There seems to be about a hundred and one restaurants opening in Hong Kong these days, but rarely are they born of friendship, or should I say Kinship? American and British chefs Chris Grare and Arron Rhodes, who you may remember from Lily & Bloom and Gough’s on Gough respectively, have banded together to create Kinship, a restaurant that champions the concept of putting family first. Now, we’re not just talking about their new world cuisine with soulful, rustic-style dishes designed for sharing with family and friends, but also how they aim to forge sustainable relationships with family-run farms and suppliers. Not only does it help support smaller and more local communities and economies, but it also brings in high quality ingredients and the freshest produce possible, such as home-grown carrots from the New Territories, and salmon from the Faroe Islands.
At Kinship, a relaxed design runs throughout — providing the kind of atmosphere that is easily anyone’s favourite kind of neighbourhood eatery. Shades of aegean blue, teal seating, warm wood, and bottle green tiles add a splash of colour to the industrial ceilings and partial slate floor. Here, a brotherly relationship that spans seven years sees Grare running the kitchen while Rhodes manages front of house, and puts a creative menu — inspired by both chefs’ American and English backgrounds and travel experiences — on the table.
The a la carte menu has four elements; appetisers (or ‘first flavours’), main course (‘main event’), sides (‘bits & pieces’) and dessert (‘sweet treats’). To start, highlights include a velvety and rich Chicken liver mousse with rehydrated raisin relish and grated horseradish, paired with crumbly homemade oat crackers, along with a Grass-fed Australian beef tartare that has an Asian twist of Bali bean salad, roasted peanut sauce and a fresh lime sambal. The Almost moules frites are a must-try too; where tangy mollusk morsels are soaked in shellfish broth and served with crunchy potato.
For the main event, it’s worth sharing a few dishes in which the Giant duck ravioli will please, and surprise, most. It’s filled with juicy slow-cooked duck leg, and a Chinese lo shui (master sauce) in a scallion and ginger cream, for a flavourful pasta with a favourable Asian accent. The Spiced seafood stew is another crowd pleaser with its smoky charred lobster meat, soft black cod, sofrito and spätzle (a type of German egg pasta). This can all be complemented by sides of creamy Mashed potato seasoned with oregano and bay leaf, or our favourite way to eat brussel sprouts, fried and drenched in a tangy ponzu.
A sweet ending can be found with the most simple but nostalgia-inducing bowl of homemade Mr. Whippy ice cream, mixed with chocolate brownie bites, crackles of peanut brittle and salted caramel sauce, or the Chocolate and coconut tart topped with a pandan-infused mousse, sweet kaya jam and toasted coconut.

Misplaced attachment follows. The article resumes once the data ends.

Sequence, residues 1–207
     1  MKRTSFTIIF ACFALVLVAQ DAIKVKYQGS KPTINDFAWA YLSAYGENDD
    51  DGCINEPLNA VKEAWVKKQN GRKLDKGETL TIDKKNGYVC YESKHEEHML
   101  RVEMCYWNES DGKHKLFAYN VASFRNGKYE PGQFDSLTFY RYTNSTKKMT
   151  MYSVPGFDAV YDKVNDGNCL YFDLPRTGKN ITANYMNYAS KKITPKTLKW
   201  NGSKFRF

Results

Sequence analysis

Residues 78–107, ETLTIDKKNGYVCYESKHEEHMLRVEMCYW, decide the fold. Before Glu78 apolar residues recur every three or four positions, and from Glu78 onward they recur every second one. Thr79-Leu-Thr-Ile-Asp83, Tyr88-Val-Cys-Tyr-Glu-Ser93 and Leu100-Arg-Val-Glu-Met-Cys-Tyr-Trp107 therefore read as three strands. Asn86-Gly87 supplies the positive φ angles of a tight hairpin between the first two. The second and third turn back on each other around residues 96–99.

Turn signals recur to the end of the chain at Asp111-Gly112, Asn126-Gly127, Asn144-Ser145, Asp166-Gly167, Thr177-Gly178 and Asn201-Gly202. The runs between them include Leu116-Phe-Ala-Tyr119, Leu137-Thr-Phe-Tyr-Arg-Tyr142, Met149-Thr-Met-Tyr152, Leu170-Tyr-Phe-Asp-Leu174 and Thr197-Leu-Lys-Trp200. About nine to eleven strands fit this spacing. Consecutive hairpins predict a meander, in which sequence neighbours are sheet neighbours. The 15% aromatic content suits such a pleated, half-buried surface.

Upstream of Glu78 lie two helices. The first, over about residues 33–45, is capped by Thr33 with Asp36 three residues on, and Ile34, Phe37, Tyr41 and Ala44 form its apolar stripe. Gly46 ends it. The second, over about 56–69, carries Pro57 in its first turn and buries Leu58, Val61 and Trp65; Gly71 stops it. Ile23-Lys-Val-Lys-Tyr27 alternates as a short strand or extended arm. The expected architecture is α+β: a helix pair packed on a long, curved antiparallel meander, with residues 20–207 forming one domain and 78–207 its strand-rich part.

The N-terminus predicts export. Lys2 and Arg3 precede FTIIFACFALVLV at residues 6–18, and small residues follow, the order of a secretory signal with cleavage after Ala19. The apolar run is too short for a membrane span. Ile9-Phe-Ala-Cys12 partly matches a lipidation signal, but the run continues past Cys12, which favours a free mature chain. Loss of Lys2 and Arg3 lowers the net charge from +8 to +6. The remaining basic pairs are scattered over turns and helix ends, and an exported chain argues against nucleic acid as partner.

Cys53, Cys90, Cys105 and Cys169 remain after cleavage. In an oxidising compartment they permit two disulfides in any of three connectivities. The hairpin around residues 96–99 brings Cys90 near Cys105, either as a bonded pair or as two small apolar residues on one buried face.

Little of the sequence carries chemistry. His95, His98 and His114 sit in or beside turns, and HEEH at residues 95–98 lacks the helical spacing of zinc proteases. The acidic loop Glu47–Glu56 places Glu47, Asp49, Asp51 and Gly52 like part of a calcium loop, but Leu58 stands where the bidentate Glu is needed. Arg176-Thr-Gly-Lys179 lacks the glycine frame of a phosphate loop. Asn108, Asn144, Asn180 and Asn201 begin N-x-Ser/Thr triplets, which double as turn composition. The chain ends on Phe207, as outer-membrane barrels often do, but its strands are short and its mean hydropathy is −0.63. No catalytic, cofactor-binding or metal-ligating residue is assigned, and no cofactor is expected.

An All American (or is it British?) Weekend Brunch Experience
Of course, a Hong Kong restaurant wouldn’t be fully complete without a weekend brunch and thus, Kinship have launched their own alternating brunch series. Inspired by the two Chef’s childhood memories, it will rotate between The American Menu and The British Menu, every weekend.
The American Brunch Menu by Grare will take care of all the US classics. Think homemade biscuits with Southern-style sausage gravy, soft-scrambled eggs with Chef’s signature Cajun seasoning, and the American breakfast dish of corned beef hash with caramelised onions. Thereafter you can choose a main dish such as Hot and sweet fried chicken and waffles, polenta and fried prawn with pickled jalapeño sour cream, or stack them up high with fluffy pancakes served with crispy bacon, peanut butter and maple syrup. Boardwalk-style desserts including ice cream sundae with all the fixin’s, drizzled with caramel sauce, and a carnival-ready funnel cake with powdered sugar are sure to satisfy your sweet tooth.
Across the pond to The British Brunch Menu by Rhodes and you’ll find a traditional Sunday roast. Begin with a very English pea and ham soup, along with a chicken and truffle terrine, accompanied by Nanna’s piccalili (pickled vegetable relish). Then tuck into a choice of Roast Devonshire beef sirloin with crispy Yorkshire pudding, or Baked Norwegian salmon with savoury shellfish cream. It’s a family matter with the sides too, where Mum’s roast potatoes and Grandma’s gravy make an appearance. Not forgetting dessert, a buttery Bakewell tart with summer berries and Tonka cream is the ultimate English finale.
Which brunch reigns supreme — you decide.
Kinship Weekend Brunch: HK$388 + 10% per person; available Saturdays and Sundays from 11:30pm to 4:00pm
+ HK$198 free-flow Cava, house red and white wines, beer, and the choice between American (Arnold Palmer) and British (Gin & Tonic) cocktails
Kinship, 3rd Floor, LL Tower, 2 Shelley Street, Central; +852 2520 0899